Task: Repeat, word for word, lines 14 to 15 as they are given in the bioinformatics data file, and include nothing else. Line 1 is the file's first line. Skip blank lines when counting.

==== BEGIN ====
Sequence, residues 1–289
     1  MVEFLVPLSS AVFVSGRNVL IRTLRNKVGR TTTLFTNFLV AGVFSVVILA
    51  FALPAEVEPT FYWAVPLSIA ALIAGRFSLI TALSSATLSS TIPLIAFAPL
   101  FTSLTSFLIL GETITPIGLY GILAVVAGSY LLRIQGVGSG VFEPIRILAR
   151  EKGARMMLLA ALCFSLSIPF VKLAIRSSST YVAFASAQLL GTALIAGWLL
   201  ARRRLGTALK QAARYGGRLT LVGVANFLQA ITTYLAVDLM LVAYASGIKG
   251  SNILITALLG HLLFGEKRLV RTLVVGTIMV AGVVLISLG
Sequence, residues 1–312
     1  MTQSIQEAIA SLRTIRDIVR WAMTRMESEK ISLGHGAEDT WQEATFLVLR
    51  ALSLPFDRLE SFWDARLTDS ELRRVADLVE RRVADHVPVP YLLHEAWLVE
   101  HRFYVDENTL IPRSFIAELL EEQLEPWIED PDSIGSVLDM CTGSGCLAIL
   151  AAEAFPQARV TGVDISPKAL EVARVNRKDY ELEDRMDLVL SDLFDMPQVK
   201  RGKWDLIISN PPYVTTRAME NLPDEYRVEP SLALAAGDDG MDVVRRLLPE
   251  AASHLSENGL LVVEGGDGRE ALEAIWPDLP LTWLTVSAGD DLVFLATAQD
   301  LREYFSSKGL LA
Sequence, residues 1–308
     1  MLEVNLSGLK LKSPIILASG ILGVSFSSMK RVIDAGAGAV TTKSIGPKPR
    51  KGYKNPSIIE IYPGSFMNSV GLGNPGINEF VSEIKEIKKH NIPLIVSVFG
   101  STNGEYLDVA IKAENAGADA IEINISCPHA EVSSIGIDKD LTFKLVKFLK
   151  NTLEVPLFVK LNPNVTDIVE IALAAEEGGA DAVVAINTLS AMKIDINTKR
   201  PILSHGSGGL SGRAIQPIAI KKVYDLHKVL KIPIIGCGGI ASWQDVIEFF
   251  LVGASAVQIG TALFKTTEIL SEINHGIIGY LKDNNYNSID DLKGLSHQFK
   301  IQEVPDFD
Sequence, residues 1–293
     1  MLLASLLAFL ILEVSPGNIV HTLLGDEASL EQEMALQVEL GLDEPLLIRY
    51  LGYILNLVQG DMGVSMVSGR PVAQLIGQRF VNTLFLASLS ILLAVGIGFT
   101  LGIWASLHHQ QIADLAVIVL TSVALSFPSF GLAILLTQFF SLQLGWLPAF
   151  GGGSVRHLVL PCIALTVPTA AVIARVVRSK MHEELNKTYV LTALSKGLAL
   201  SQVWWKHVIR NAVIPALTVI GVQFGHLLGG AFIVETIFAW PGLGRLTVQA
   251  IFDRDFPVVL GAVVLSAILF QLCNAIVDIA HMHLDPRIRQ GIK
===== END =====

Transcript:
   251  AASHLSENGL LVVEGGDGRE ALEAIWPDLP LTWLTVSAGD DLVFLATAQD
   301  LREYFSSKGL LA